Caries Diagnosis Using Infrared Imaging
Despite advances in the biocompatibility and esthetics of modern restorative materials, direct composites do not always bond well to the surrounding tooth structure. In these cases, microleakage of fluids and bacterial acids can lead to secondary caries around previously restored lesions. According to Nai-Yuan N. Chang, DDS, PhD, from the Fried Group in the Department of Preventive and Restorative Dental Sciences at the University of California, San Francisco School of Dentistry, “Dentists now spend more time replacing failed restorations than placing new ones due to the maladaptation of bonding materials to tooth structure.”
Directed by Daniel Fried, PhD, the Fried Group develops and evaluates new techniques for caries diagnosis. In a study published in the Journal of Biomedical Optics, a team that included Chang, Fried, and colleagues investigated emerging imaging modalities as a means of detecting active lesions. “Traditional methods relying on tactile sensation via a dental explorer and visual inspection based on texture and color are unreliable and highly subjective,” Chang reports. “Clinically, there are no established dental imaging technologies that can provide diagnostic information with high specificity and sensitivity when assessing lesion activity.”
To address this issue, the researchers examined whether shortwave infrared (SWIR) and thermal imaging could be combined with air drying to accurately diagnose secondary lesion activity. The idea underlying both methods is that active lesions are more porous than healthy tooth structure, and these pores hold water. In the SWIR-based approach, clinicians can detect active lesions by observing changes in SWIR reflectivity as the tooth dries out. In comparison, thermal imaging relies on temperature changes caused by water evaporating from the pores during air drying.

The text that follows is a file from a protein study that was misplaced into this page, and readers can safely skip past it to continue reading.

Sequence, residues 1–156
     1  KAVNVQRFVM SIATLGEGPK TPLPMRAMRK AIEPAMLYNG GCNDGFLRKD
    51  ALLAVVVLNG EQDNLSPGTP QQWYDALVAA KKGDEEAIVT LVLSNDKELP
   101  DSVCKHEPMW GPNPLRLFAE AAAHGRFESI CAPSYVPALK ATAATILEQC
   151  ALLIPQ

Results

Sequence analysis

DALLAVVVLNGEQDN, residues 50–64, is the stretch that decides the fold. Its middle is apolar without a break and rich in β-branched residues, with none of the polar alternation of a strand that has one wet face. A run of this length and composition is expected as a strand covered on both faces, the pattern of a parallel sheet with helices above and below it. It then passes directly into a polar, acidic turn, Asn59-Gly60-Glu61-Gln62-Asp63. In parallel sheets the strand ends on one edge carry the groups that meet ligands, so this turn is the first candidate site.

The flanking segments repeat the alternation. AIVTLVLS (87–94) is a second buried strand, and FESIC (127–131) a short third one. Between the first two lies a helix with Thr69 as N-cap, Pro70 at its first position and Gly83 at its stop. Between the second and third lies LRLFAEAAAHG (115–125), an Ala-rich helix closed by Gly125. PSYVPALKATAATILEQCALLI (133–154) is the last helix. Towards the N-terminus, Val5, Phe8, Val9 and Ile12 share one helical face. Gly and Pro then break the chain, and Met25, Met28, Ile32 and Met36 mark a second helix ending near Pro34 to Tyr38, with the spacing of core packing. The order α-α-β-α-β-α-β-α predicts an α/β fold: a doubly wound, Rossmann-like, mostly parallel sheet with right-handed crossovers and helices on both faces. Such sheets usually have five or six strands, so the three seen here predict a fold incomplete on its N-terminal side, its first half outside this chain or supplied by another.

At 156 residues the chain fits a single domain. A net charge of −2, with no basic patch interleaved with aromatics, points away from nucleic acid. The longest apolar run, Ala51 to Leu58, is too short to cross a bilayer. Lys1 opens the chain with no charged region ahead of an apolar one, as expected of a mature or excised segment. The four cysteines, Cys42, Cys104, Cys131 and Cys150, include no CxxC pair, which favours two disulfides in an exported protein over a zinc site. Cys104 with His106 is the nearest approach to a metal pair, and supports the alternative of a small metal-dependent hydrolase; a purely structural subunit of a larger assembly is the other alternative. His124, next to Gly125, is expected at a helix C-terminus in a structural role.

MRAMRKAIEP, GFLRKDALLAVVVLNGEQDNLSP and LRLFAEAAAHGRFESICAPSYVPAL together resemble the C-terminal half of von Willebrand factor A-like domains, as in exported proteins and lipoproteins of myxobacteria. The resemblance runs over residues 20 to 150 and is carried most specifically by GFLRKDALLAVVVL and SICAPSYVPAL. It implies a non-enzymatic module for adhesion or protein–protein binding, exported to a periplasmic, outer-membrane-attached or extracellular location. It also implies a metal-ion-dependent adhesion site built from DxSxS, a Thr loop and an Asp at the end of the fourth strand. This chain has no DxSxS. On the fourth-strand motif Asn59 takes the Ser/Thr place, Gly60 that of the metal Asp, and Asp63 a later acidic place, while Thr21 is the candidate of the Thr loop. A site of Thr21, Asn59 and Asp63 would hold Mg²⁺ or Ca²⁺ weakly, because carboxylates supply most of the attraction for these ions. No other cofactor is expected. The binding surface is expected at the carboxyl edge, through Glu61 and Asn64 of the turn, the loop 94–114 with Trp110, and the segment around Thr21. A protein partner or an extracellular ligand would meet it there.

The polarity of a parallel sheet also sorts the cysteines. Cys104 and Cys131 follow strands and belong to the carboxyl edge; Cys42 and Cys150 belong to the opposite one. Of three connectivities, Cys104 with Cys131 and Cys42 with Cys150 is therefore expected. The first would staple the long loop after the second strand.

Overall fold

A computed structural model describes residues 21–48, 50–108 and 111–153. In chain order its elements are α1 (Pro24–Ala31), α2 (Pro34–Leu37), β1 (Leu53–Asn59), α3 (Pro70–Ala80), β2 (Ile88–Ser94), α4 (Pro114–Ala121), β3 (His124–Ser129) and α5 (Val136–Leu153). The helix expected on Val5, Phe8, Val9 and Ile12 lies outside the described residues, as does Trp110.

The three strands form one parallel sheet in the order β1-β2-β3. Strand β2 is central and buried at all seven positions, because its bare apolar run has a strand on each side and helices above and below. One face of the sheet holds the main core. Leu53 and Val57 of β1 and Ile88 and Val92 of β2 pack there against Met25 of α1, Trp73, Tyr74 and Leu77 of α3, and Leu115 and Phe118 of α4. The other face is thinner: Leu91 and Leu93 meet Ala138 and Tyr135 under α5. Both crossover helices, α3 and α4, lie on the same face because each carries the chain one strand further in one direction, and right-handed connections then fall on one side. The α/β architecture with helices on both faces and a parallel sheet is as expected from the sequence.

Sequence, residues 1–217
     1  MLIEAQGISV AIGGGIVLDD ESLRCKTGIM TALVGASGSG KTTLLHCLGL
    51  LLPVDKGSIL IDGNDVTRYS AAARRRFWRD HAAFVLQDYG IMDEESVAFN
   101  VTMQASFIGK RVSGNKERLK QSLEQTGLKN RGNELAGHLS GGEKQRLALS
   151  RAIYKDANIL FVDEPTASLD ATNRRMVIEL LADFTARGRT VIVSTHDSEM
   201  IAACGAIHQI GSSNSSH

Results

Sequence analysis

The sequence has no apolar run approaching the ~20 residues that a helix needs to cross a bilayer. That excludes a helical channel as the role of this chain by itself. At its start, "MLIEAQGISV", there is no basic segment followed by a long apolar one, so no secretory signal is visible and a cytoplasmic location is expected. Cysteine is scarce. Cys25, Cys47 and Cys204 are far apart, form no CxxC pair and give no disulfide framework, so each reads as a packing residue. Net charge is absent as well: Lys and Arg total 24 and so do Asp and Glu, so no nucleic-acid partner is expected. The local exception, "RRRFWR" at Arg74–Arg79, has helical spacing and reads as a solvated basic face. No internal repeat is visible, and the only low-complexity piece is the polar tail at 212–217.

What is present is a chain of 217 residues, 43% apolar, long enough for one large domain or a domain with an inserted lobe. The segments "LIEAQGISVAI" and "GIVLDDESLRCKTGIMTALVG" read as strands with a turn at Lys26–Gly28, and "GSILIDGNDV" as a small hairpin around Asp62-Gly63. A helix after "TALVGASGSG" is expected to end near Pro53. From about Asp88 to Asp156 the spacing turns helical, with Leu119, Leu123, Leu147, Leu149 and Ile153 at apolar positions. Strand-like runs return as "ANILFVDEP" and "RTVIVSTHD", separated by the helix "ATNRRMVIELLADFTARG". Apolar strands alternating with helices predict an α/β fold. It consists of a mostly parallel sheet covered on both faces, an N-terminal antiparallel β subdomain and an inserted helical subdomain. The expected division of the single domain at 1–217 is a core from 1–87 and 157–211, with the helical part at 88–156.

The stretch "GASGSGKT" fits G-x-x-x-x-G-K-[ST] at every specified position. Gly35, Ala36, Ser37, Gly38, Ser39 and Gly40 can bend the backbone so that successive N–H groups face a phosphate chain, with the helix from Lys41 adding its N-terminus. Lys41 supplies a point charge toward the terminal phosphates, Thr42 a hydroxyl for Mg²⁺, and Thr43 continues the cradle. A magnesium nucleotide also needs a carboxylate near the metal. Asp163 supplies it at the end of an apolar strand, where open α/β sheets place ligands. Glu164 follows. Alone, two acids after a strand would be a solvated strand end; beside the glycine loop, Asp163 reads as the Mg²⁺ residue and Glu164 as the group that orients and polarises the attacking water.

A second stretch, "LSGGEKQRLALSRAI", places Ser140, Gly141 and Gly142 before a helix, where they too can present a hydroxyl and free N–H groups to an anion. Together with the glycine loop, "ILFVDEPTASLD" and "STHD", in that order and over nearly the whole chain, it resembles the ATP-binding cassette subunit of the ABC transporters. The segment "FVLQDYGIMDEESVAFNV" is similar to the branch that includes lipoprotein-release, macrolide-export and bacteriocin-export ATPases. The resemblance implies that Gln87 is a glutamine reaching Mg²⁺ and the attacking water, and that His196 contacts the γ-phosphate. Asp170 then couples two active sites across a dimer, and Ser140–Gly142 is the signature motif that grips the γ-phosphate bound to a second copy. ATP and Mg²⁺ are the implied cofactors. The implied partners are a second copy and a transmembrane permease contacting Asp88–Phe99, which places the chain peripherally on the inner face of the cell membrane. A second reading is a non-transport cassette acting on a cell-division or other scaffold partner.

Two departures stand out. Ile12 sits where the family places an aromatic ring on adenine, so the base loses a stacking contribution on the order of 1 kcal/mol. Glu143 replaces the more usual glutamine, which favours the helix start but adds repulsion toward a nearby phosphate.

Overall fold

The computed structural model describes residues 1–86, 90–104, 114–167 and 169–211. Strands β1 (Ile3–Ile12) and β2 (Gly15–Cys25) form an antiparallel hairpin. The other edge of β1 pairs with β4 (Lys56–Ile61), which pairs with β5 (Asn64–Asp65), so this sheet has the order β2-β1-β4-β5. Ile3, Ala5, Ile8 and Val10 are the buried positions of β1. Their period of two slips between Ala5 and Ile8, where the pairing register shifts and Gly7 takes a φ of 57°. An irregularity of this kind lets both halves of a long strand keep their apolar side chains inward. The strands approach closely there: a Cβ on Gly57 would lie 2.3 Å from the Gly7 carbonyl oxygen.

In their work, the team acquired 63 human tooth samples and analyzed 109 suspected secondary lesions with both SWIR and thermal imaging. In addition, the researchers used optical coherence tomography (OCT) to assess the samples, which is an advanced technique that emits near-infrared light to create high resolution three-dimensional images. These findings were compared with the SWIR and thermal imaging results to see if these simpler modalities could reliably detect active lesions.
Reporting in the paper, “Assessment of the Activity of Secondary Caries Lesions With Short-Wavelength Infrared, Thermal, and Optical Coherence Tomographic Imaging,” the authors note that SWIR proved superior to thermal imaging overall. In addition, they found that SWIR permeability measurements closely correlated with the thickness of the transparent surface layer (TSL) of lesions, as measured with OCT. These results indicate the highly mineralized TSL is thickest when a lesion has been fully arrested—at which point no further intervention is needed. Based on the OCT findings, a TSL thicker than 70 µm is a potential indicator a lesion is no longer active.
Noting this study could help pave the way to new approaches in caries management, Chang characterizes their research as a “developmental milestone” in the quest for simpler and more reliable diagnostic technologies.